Upon hearing Hal Steinbrenner's apparent satisfaction with the Yankees' beat-up infield, the first thing we thought of Tuesday was the disclaimer "right now" he attached to the end. The second thing that came to mind was the very similar comments Steinbrenner made about the team's unheralded subs a year ago, calling that patchwork Yankees team "scrappy" and "fun to watch."
We all know how that turned out.
In the Yankees' universe, an 85-win season and sitting home for October is usually described with a word that rhymes with "scrappy" but with a much different connotation. You may remember -- or at least we do -- that Steinbrenner also repeated his belief back then that the Yankees could win with an $189-million payroll. Limping to a third-place finish, with declining TV ratings and attendance, later convinced him otherwise.
If Steinbrenner learned anything from 2013 -- aside from Alex Rodriguez's fanboy affection for Mike'd Up -- it's that the likes of Eduardo Nuñez, Zoilo Almonte and David Adams aren't going to get it done in the uber-competitive American League East. They make for good stories, until about mid-June, when Joe Girardi starts frantically counting the days left on DL stints.
And now, two weeks into this season, the Yankees must be feeling deja-vu, only this time the names are Yangervis Solarte and Dean Anna, two players who needed every last minute of spring training to make the Opening Day roster. Both have done a great job so far, but they are meant to be complementary bench pieces -- not everyday starters -- and this April flurry of injuries is already stretching the Yankees into an uncomfortable position.
Actually, a number of them, as we saw Sunday night at first base, where a catcher with a total of 11/2 games experience on his resume (Francisco Cervelli) was replaced at the position by a 38-year-old outfielder with none (Carlos Beltran). That was desperation -- if not a sirens-blaring emergency, in Girardi's eyes -- and suggested the Yankees are playing a dangerous game with their lack of infield depth.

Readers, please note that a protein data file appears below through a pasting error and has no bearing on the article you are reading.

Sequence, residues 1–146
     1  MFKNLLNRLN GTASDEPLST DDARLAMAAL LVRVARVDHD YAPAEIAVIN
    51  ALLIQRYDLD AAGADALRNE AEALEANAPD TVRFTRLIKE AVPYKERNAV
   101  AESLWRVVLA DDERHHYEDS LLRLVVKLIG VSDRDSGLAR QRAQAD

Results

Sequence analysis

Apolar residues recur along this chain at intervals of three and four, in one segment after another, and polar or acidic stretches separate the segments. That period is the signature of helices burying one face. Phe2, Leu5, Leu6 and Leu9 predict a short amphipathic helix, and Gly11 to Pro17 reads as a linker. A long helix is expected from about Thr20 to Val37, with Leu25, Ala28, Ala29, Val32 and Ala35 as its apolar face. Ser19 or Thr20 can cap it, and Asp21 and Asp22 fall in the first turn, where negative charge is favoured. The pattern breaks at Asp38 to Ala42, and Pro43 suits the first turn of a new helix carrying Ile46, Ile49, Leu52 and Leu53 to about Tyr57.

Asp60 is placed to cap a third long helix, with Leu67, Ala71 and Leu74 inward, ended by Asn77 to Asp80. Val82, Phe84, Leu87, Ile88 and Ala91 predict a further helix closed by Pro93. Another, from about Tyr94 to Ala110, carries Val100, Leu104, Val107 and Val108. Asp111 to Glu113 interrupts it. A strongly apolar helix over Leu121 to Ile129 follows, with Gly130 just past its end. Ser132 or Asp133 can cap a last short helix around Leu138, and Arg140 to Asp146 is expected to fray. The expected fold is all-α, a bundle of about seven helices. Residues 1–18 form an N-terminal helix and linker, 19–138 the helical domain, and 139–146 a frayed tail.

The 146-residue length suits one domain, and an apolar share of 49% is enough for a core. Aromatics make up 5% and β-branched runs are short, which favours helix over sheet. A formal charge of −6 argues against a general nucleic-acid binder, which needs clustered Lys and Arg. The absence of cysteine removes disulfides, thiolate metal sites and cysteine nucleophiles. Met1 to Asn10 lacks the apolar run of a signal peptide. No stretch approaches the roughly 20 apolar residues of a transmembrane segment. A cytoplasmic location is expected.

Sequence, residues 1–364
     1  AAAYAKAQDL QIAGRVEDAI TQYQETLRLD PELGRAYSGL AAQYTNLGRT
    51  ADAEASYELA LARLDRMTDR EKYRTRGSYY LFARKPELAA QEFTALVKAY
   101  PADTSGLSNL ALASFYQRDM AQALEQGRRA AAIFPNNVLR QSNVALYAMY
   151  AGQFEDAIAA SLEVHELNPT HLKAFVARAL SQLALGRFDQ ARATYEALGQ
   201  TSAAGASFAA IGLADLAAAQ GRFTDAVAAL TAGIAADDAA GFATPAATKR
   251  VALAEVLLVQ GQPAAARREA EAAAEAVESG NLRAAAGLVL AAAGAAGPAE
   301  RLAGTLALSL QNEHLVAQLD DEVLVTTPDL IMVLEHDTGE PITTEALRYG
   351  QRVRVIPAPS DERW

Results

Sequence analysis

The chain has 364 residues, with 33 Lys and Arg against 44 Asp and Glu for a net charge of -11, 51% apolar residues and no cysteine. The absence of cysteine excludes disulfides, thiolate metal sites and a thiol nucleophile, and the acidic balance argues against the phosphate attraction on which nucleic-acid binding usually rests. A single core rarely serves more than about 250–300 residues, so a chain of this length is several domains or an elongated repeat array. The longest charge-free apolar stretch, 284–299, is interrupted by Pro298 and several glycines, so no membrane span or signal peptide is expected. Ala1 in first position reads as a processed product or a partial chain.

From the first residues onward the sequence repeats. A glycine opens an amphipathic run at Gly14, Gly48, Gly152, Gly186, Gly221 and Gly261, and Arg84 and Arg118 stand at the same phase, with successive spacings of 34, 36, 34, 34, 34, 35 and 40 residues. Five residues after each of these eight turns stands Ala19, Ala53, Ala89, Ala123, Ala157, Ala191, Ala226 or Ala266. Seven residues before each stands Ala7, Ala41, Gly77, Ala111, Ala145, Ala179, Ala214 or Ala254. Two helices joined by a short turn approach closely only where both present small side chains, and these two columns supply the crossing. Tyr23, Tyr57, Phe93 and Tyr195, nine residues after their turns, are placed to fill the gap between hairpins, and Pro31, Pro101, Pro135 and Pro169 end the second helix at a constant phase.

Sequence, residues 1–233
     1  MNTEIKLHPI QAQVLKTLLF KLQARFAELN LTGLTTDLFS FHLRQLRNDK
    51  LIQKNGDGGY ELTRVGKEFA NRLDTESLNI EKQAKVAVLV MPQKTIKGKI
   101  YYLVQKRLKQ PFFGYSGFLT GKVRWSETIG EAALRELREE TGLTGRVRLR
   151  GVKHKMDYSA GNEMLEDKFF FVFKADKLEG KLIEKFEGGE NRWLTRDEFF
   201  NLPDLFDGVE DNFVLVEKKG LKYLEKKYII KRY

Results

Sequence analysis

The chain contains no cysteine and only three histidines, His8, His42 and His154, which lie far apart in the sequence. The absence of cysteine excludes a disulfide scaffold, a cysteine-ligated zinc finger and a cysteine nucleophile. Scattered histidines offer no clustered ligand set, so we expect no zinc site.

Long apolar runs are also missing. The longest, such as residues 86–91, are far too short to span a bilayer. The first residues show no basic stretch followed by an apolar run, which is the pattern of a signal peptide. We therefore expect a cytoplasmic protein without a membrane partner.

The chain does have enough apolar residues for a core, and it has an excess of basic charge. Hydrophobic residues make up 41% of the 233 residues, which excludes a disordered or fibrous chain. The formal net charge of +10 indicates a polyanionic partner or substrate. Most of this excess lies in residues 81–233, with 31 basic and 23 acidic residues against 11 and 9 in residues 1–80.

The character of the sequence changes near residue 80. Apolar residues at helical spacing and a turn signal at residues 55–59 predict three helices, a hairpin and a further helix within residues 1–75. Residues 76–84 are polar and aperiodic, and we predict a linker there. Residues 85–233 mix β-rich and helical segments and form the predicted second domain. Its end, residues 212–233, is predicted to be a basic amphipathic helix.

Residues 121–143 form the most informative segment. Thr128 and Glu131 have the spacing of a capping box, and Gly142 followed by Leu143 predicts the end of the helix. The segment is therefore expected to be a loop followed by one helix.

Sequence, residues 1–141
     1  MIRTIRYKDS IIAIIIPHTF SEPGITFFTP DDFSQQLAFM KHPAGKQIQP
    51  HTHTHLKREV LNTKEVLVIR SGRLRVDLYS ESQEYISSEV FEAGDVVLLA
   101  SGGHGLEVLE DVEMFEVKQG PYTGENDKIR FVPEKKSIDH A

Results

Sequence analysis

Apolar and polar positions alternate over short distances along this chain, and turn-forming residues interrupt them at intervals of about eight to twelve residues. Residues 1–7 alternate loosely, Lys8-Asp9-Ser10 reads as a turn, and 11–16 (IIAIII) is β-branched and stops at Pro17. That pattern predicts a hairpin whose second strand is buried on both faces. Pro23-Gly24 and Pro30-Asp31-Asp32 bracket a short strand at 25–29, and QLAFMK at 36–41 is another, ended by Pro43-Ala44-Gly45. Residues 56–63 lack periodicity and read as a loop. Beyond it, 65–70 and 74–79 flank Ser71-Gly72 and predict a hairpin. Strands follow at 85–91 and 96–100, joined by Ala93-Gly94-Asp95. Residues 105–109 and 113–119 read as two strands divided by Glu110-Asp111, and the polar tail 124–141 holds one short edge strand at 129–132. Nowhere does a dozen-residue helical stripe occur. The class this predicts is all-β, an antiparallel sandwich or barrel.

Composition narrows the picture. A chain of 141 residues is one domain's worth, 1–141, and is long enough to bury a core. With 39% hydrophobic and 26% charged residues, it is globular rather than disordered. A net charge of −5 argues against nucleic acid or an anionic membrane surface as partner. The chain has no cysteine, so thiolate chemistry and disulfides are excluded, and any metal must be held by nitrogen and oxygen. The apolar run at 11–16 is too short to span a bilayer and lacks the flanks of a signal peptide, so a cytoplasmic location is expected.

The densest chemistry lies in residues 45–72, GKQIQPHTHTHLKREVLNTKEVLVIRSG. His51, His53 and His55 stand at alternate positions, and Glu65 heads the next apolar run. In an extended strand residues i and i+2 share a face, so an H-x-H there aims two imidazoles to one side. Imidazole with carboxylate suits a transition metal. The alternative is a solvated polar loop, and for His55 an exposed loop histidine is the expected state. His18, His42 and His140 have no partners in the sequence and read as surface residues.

It just so happens there is an obvious solution that is currently unemployed -- Stephen Drew -- but Steinbrenner went on the record Tuesday saying the Yankees are not pursuing him. Not yet anyway.
"All I could say is I'm content with the way things are right now," Steinbrenner said. "So far, I'm pretty content with where we are, but I will always analyze options. That's my job throughout the course of the whole year."
Steinbrenner left himself an escape clause, and he'll surely reconsider if the Yankees don't see significant improvement on the injury front. While it was Cervelli who wound up on the DL after Sunday's hamstring strain, the most alarming developments were Brian Roberts complaining of a sore lower back and Derek Jeter's quadriceps tightness.
Roberts arrived in the Bronx with a reputation for being fragile after averaging 48 games the past four seasons, so this shouldn't come as a surprise. An MRI revealed no structural damage, but the Yankees just went down this road last season -- albeit at a higher cost -- in paying Kevin Youkilis (with his chronic back issues) $12 million for 28 games.
The Yankees knew signing Roberts was a roll of the dice, but Jeter, at the age of 39, carries risk, too. Girardi conceded Sunday that he'll need to re-evaluate how he uses Jeter going forward, and that means cutting back on the farewell tour. Even so, this quad issue could be an early warning sign, like that blinking engine light on your dashboard. It might not be a quick fix.
We've also been assured that Mark Teixeira will be fine after his DL stay for a mild hamstring strain, but he hasn't played long enough to really test the surgically-repaired wrist. What if that limits his production, or worse, causes problems again? In case you hadn't noticed recently, the Yankees don't have a legit backup at the position, and Kendrys Morales is still floating around in free-agent limbo.
Steinbrenner, despite Tuesday's conservative stance, knows all of this. But it's only mid-April, and the Yankees seem to be banking on the best-case scenario for their hurting infield. It could work. Then again, Steinbrenner watched that same optimism explode in his face last season. He's already spent nearly $500 million to prevent a repeat of 2013, and there's no point in saving a few bucks now if writing another check will help.
The Yankees don't do scrappy. Not for long anyway.